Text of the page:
Eastern Promises (Widescreen Edition)
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First of all, the script is outstanding. From the creator of another stunning film about London's "seamy underbelly," DIRTY PRETTY THINGS...the plot makes sense, the threads all come together and the characters are simply but sharply delineated. Yet at no time do I feel the themes are being spoon-fed. Also, some of the acts that are perpetrated on Viggo Mortensen's character near the end of the film are acts of amazing betrayal...yet if you haven't been paying attention, you might miss that. It's not a super-complex plot...but it doesn't grab you by the hand and lead you from place to place.
Speaking of Mortensen...this is his best performance ever. Granted, Aragon is crown-jewel, and he handled it well...but those films were events, such spectacle that often what he simply needed to do was wear his costume, ride his horse and look great. In EASTERN PROMISES, he has to make us care about a very nasty piece of work indeed. He's also very stony-faced...so much of what we learn about him, especially early on, comes from very subtle work. Again, each word of the script is perfectly chosen, and Mortensen digs deep here. He's not always my favorite actor...Read more ›
Perhaps it's the recent loss of her own child from a former lover, the time of year, or just her character in general, but Anne is deeply touched by the situation and vows to find the baby, who she's named Christina, a family and a decent life instead of institutionalized foster care. So she steps over the line and takes the mother's personal effects--a diary which is written in Russian.
Despite being warned not to dig any deeper by her Uncle Stepan, a recent Russian emigre and former KGB agent (Skolimowski) and her English mother (Sinead Cusack), she goes to the one place where she has a clue in English--a Russian restaurant called the Trans Siberian.
There she meets three men: Semyon (Mueller-Stahl), an older Russian who appears at first as a strong but benevolent father figure whose Borscht is almost identical to what Anne's own father used to make. Kirill (Cassel) a drunken and somewhat overdramatic heir to the throne and Nikolai (Mortenson) the very dispassionate driver for Kirill, who he's sworn a brotherly allegiance to.
At first, Semyon denies knowing anything about the mother of the deceased young woman, but his interest piques when Anne tells him there's a diary. He offers to translate the diary and find the child's family for her. Anne at first demurs, suspecting Semyon is Vory v Zakone (Russian mob) but he's very persuasive and she agrees to return the next night.Read more ›
The setting is London where lives the enigmatic Russian-born Nikolai Luzhin (Viggo Mortensen in an Oscar caliber performance) who serves as a driver for a cloaked mysterious Russian family, members of the Russian mafia called the Vory V Zakone, a bizarre brotherhood populated with men whose lives of crime are told in tattooed stories on their bodies. The head of the family is the elegant restaurateur Semyon (Armin Mueller-Stahl) whose son Kirill (Vincent Cassel) carries on the crime aspects of the family but shows no role of leadership in his dissipated life style. As the film opens we observe the birth of a little girl to a drug-addled mother Tatiana (Sarah-Jeanne Labrosse): she dies during childbirth having been delivered by a midwife Anna (Naomi Watts) who herself has a history of a stillborn child. Anna finds a diary in Tatiana's purse, saves it, and takes it to her uncle to translate it form the Russian. Opening the diary opens dark secrets for Semyon and Kirill: Tatiana was apparently one of the many illegal Russian prostitutes imported by the Vory V Zakone crime syndication and was raped by Semyon whose daughter was born as Tatiana died. Anna's investigation as to the baby's heritage includes the invaluable help of Nikolai who despite his past has a soft spot for Anna and her plight and it is the manner in which the interplay of Anna, Semyon, Kirill and Nikolai works out that brings the film to its conclusion.Read more ›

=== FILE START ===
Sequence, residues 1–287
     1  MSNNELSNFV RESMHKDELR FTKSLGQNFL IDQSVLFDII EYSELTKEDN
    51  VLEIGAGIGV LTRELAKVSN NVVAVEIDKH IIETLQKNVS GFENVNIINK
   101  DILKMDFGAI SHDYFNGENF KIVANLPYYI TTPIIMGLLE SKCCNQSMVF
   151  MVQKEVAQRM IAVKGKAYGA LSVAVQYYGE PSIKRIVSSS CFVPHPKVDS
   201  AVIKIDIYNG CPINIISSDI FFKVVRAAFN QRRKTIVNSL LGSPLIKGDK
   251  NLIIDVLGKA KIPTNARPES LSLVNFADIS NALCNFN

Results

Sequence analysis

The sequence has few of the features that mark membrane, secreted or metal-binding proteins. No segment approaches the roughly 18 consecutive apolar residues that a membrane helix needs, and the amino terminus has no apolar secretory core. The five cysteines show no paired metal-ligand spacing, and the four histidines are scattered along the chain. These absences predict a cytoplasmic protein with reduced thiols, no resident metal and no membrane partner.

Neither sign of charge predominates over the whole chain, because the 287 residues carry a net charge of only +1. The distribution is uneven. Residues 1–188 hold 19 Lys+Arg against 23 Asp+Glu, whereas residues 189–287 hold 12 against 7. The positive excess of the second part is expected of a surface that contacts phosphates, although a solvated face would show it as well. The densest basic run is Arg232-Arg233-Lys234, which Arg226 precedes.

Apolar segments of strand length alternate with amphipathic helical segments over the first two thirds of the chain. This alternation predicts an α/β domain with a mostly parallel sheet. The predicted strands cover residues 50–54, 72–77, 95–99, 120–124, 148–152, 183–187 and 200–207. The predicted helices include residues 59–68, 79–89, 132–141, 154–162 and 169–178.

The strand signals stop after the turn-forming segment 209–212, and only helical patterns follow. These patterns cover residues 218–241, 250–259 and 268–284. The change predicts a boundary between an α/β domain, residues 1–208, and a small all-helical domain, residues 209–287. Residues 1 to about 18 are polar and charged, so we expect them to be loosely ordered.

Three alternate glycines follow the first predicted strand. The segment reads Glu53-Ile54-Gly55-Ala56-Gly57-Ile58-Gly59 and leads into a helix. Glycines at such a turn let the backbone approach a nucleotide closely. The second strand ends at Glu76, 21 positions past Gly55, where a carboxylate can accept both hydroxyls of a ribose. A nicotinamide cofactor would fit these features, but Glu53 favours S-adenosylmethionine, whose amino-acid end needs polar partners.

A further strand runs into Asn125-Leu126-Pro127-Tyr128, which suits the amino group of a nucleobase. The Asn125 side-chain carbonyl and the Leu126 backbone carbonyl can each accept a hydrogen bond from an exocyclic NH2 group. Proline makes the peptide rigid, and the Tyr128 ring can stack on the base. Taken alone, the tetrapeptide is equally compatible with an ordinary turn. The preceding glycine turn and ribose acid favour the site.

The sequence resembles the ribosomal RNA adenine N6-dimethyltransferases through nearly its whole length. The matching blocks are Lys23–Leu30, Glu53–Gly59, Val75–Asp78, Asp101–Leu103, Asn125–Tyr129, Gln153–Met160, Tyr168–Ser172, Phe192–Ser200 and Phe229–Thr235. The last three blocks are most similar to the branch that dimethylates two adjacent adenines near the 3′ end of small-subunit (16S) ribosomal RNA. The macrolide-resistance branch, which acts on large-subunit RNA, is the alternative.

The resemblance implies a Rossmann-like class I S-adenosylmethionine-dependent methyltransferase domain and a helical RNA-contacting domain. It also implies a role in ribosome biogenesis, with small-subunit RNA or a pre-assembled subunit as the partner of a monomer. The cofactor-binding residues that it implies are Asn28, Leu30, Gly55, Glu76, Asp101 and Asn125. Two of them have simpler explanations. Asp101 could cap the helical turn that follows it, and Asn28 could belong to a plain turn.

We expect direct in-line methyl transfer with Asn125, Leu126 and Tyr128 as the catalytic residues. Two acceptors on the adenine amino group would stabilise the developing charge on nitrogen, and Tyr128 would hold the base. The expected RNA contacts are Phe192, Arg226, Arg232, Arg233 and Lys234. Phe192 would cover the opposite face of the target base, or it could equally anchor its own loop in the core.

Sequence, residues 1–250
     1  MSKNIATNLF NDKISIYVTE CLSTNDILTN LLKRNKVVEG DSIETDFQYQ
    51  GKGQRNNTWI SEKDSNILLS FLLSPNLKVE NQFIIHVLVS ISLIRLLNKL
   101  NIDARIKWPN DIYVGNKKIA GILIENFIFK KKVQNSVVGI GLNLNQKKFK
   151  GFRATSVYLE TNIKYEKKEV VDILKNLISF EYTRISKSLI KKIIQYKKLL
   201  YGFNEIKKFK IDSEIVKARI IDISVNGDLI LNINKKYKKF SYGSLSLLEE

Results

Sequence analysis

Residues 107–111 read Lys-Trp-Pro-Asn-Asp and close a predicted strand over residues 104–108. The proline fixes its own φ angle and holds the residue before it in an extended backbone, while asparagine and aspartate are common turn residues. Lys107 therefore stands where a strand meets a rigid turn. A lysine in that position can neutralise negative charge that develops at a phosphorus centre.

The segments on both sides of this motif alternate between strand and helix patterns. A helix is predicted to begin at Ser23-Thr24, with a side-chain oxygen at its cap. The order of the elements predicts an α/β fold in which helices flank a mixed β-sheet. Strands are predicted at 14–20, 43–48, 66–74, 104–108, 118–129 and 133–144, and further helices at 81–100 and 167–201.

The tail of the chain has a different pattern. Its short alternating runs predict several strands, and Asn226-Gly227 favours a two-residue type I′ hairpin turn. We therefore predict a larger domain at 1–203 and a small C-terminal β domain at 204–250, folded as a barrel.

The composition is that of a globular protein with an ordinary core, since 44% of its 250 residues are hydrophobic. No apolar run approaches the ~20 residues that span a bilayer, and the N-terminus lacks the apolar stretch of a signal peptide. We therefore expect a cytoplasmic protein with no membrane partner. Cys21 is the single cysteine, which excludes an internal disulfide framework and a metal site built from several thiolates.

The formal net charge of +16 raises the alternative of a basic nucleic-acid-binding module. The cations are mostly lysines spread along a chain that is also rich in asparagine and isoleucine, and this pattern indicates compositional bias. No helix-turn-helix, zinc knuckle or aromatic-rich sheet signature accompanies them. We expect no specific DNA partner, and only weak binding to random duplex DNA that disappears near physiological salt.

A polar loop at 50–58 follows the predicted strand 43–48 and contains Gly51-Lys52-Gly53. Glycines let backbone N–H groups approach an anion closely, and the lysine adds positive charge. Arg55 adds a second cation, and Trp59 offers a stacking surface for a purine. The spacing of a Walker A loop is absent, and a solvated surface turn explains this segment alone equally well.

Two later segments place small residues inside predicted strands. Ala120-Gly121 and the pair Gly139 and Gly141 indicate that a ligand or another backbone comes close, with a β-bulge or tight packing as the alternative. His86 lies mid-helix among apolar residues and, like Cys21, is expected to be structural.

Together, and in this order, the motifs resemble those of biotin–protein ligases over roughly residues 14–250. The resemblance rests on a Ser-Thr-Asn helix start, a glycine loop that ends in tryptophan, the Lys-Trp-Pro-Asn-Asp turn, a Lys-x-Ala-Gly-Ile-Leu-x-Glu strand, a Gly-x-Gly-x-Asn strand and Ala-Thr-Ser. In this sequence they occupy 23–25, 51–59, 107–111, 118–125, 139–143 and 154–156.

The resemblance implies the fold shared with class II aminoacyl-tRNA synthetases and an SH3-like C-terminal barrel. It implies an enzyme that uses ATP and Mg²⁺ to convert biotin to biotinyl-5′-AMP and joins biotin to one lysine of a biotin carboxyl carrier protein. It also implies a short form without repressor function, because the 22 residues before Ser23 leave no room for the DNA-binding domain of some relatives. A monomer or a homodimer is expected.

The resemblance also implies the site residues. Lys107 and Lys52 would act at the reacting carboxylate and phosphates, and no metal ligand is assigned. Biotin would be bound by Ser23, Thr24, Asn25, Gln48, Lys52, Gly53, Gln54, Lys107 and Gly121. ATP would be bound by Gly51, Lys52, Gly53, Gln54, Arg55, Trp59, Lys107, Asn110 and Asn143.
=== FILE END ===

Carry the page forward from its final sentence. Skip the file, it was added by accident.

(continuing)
Most Recent Customer Reviews
I bought the Blu-Ray version of Eastern Promises because some of the rich colors did not come through when I played the DVD version on my widescreen LCD. Read morePublished 2 months ago by Mark C. Jones
Love this film. The accents of the non-Russian characters is lacking, but the tattoo stories certainly make up for. Lots of blood and a naked wrestling scene.Published 2 months ago by Sarah Villien
|Topic||From this Discussion|
No, but a lot of other folks evidently feel the same way. I for one felt totally cheated. I have heard that Cronenberg approached Mortensen about a sequel but VM is apparently on leave from movie making (too bad). However, you can watch BBC's Spooks (MI5) which has hunky Richard Armitage fresh... Read More
Dec 25, 2009 by Judith Johnson | See all 2 posts
|One of Cronenberg's Best||
I agree--it's terrific, and definitely in the same as 'A History of Violence.' It's interesting to me how Cronenberg has moved pretty far from the bio-tech/supernatural themes of his 70s/90s work to this more realistic vein.
Aug 14, 2007 by Kristi Coulter | See all 4 posts
|Song in Eastern Promises||
I think the song you mentioned is "Just a Little" by Liberty X
Aug 30, 2008 by Blossom Burkitt | See all 2 posts
|Went to the movie||Be the first to reply|